Cirque Dreams and Steam was the highlight of on-board entertainment. Even on a tiny stage, the performance was impressive. We have seen various Cirque shows and this was among the "tightest" in terms of bang for your buck on a small stage. Well worth attending, even with the up-charge.

I also did the "Escape the Big Top" escape room, also held in the Illusionarium. I have done escape rooms before, but this one was very poorly designed. Several puzzles used color coding as part of the puzzle and I am color blind, so that was tough. Also, there are red herring puzzles in the room, which is extremely controversial among escape room designers. You do it in a randomly assigned group and I got a nice group that included some kids. It was an amusing 45 minutes, but the odds of getting out hit zero the moment I saw who was on my team. Your mileage may vary if you go with a larger group you know that likes puzzles.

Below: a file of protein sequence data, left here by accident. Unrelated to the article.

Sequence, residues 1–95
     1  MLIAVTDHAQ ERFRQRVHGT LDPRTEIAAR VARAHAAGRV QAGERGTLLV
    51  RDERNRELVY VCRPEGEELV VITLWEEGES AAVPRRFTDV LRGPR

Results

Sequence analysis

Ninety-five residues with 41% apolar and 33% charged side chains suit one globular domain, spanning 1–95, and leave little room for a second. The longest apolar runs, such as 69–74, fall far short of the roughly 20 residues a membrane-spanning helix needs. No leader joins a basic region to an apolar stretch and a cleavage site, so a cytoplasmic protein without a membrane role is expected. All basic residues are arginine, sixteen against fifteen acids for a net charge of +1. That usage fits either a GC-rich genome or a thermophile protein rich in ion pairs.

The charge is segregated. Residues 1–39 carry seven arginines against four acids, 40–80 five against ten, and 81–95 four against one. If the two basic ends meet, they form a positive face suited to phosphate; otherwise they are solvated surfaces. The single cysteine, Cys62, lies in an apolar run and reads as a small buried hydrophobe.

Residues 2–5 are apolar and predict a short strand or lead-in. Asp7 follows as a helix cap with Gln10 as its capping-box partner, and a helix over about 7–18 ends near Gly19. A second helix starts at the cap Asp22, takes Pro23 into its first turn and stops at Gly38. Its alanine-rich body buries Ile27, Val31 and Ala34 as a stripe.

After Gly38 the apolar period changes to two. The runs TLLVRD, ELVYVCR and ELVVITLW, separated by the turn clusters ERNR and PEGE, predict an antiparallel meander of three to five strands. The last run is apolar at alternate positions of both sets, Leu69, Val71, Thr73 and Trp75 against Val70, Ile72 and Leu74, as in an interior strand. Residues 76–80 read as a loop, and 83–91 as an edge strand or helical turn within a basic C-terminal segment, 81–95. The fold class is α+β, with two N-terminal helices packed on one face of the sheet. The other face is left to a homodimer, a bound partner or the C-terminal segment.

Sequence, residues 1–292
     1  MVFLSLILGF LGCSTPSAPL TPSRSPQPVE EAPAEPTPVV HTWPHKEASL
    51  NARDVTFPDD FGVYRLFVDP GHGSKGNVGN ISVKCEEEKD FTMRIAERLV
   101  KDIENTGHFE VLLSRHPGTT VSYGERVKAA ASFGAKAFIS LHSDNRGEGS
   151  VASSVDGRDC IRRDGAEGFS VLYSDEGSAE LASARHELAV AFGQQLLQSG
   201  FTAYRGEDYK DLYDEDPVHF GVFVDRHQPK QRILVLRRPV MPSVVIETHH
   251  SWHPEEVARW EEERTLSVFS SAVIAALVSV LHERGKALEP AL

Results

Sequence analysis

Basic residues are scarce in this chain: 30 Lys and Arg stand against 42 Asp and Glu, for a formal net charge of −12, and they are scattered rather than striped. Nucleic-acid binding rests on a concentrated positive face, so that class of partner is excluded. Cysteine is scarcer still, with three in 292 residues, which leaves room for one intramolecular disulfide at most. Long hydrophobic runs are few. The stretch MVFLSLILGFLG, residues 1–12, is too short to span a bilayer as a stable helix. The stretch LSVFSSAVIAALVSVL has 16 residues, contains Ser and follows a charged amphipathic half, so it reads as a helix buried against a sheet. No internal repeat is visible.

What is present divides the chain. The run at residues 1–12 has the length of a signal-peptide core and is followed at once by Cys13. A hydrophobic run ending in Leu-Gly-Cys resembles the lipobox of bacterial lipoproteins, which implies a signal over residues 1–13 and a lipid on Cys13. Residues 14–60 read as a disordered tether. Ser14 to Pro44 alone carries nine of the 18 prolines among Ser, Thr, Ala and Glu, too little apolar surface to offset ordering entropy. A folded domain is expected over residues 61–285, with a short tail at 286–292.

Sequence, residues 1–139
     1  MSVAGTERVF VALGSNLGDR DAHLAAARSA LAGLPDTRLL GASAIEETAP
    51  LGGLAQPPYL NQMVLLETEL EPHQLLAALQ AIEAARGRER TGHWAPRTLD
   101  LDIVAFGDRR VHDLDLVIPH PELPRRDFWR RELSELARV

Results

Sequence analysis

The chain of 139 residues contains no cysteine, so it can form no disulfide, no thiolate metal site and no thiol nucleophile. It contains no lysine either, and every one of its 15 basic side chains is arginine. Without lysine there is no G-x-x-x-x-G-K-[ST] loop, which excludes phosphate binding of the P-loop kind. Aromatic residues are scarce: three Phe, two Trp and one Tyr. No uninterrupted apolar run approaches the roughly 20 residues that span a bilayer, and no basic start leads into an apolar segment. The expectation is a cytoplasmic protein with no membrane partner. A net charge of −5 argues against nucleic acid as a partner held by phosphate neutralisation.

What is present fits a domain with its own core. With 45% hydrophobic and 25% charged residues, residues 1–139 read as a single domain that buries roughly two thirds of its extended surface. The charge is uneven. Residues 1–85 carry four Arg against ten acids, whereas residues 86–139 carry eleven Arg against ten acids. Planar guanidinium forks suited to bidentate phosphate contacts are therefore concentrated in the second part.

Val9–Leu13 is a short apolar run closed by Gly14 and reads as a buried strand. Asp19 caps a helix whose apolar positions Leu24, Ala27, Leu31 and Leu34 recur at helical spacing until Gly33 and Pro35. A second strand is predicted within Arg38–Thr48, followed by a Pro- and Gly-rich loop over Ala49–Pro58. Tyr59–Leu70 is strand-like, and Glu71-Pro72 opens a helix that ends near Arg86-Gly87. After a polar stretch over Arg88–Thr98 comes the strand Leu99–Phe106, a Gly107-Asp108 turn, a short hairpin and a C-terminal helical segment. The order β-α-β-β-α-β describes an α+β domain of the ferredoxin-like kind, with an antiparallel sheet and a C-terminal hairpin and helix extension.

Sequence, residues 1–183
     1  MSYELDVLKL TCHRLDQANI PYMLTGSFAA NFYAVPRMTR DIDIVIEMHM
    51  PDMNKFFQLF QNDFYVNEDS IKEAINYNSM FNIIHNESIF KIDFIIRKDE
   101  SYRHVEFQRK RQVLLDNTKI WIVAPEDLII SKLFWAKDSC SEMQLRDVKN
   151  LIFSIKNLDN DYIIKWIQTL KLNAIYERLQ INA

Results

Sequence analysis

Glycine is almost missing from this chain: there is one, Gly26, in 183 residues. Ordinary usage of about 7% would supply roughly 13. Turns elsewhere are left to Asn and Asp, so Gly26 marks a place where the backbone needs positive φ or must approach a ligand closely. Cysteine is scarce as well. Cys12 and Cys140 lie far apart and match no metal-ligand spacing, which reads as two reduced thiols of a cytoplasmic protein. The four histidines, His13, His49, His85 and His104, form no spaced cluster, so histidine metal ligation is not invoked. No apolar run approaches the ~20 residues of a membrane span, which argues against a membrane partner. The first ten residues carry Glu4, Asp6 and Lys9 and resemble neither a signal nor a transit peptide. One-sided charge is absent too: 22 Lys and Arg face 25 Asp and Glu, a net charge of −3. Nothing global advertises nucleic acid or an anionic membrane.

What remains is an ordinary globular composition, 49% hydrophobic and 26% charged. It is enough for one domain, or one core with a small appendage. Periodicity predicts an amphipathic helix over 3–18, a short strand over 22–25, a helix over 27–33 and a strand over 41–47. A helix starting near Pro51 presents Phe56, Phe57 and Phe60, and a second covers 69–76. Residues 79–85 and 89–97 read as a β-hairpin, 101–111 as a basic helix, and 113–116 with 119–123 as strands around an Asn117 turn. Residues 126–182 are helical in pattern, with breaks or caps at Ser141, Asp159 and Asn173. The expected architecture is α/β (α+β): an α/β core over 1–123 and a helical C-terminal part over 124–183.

We were on a colder cruise, so the pool deck did not see a lot of action. A couple of mildly sunny days got the kids in the pools, bu the adults stuck to the hot tubs. This means the Haven's separate deck and pool was barely used. We even got confined to the indoor areas on a sea day because of waterspouts potentially landing on the deck!

We did not travel with kids, so I have no comment on the kid's activities.

Ports and Shore Excursions

We never book excursions through NCL due to the massive markup, so all the excursion below were made through Viator

Warnemunde, Germany

NCL pitches this port as an opportunity to visit Berlin. Sure, if you enjoy hours in a bus and few hours in one of the great cities of the world, burning rubber between photo ops and then more hours in a bus to get back in a single day. We decided to book the more rational "Hanseatic Rostock and Fairytale Schwerin Shore Excursion." It is about an hour away and you spend the day going through a charming medieval city and castle. The Viator tour cost $245 for two people and the entire experience went smoothly. As one would expect in Germany. Lots of great photo opportunities.